This May 8 article is the fourth in our set of notable 2015 content, based on readership and editors’ choices. This Top 10 series runs through Dec. 31. Links to earlier installments are at the end.
A newscast apology May 7 by WDIV news anchor Carmen Harlan is praised by a group that criticized her for having "disparaged Detroit’s Arab American communities" on the air a night earlier.
After a report on a social media post that said ISIS had fighters in the United States and that Metro Detrroit could be an attack target, Harlan said: “And given the fact that we have the largest Arab population outside of the Middle East, I guess this should not come as a real surprise.”
In the next night's 11 p.m. newscast, she said "I apologize" during the follow-up. "In no way did I mean to imply that because of our community's makeup, there was a higher risk," the anchor explained. "That was never my intent."
Her full remarks are here in a 35-second video.
“Carmen Harlan did the right thing by apologizing for the remarks she made,” Lonnie Scott, executive director of the Progress Michigan political advocacy group in Lansing, says in a statement.
“As a respected journalist who has been a staple in Detroit, we believe Harlan meant no ill will in her comments, but they were still dangerous and needed to be addressed. We appreciate the swift and sincere apology Harlan offered.”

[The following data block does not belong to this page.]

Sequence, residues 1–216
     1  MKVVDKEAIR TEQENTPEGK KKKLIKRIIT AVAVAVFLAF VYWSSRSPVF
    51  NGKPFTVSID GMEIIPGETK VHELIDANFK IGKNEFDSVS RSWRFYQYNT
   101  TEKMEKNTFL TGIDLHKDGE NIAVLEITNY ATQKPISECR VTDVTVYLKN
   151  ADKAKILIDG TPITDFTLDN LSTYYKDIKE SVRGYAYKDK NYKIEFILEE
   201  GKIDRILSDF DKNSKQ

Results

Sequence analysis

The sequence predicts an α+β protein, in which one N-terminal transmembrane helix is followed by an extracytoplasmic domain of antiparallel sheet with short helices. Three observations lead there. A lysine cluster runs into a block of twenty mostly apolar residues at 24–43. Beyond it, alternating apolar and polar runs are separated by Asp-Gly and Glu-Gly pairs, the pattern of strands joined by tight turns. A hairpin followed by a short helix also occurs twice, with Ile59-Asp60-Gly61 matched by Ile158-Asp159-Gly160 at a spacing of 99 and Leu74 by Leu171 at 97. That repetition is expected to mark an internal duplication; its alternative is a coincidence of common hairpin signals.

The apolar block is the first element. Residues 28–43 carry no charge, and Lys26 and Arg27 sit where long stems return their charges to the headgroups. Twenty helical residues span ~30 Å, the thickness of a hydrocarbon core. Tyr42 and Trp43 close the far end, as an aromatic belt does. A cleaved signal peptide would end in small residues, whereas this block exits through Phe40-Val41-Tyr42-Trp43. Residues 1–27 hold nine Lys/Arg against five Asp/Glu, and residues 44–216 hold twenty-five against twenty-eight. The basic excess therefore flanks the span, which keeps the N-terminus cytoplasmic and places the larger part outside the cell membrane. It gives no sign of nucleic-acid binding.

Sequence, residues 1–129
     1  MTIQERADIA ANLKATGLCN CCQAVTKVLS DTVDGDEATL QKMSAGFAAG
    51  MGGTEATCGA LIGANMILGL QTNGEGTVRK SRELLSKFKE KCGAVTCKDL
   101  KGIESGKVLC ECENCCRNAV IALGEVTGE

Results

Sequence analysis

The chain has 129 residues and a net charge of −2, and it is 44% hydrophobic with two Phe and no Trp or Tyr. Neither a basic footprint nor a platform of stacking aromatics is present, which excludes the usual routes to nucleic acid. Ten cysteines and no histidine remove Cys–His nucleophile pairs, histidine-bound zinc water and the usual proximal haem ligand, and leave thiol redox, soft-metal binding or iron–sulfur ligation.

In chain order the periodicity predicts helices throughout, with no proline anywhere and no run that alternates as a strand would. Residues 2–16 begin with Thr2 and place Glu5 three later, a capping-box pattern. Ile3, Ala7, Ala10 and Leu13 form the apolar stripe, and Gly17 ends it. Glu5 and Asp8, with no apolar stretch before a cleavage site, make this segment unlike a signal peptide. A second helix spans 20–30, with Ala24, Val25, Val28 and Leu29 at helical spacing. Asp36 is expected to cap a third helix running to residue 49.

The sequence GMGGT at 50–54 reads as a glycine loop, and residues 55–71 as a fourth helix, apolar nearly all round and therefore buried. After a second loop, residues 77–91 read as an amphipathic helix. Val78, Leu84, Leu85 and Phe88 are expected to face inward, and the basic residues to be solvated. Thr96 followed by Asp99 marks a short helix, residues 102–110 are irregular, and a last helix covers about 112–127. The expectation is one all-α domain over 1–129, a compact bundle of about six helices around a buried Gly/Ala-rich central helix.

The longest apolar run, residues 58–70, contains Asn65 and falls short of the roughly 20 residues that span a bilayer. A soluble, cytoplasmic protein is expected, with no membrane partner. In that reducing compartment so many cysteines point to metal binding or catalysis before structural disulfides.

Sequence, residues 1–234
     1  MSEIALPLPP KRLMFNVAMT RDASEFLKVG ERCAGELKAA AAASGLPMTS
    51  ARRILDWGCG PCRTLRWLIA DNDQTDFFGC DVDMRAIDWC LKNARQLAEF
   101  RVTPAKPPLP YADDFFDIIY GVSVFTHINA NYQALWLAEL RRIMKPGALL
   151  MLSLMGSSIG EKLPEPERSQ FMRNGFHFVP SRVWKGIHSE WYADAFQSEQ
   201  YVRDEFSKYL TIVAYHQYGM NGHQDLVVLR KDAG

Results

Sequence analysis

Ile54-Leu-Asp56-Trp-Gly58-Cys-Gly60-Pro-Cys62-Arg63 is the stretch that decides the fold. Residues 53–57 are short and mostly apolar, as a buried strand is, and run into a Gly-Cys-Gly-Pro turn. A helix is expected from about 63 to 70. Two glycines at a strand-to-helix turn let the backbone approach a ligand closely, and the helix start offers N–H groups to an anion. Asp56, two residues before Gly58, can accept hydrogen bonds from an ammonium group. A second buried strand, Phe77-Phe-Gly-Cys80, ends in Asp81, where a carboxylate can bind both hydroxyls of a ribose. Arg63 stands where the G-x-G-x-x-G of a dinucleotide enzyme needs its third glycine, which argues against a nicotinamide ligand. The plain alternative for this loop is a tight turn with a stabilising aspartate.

The National Network for Arab American Communities also had spoken out.
Harlan's original comment can be seen here. The online version posted by WDIV has the comment removed.
Progress Michigan posted these reactions Thursday:
“These offensive comments based on an unconfirmed threat only stir up animosity toward Michigan’s Arab community,” said Lonnie Scott.. “Comments like these are an example of racial profiling at its worst and Carmen Harlan should apologize immediately.” . . .
The Campaign to Take On Hatre, led by the National Network for Arab American Communities (NNAAC), a program of ACCESS, urges Harlan to apologize on air for implying during the nightly news broadcast that the Arab American community in Michigan is somehow tied to the extremist group ISIS.
“Carmen Harlan’s comment about the Arab American community is appalling, offensive and dangerous,” said Nadia Tonova, director of NNAAC. “As a reporter, she has a responsibility to remain objective in her reporting and not draw conclusions for her audience. We request that WDIV immediately address this racially charged comment.”
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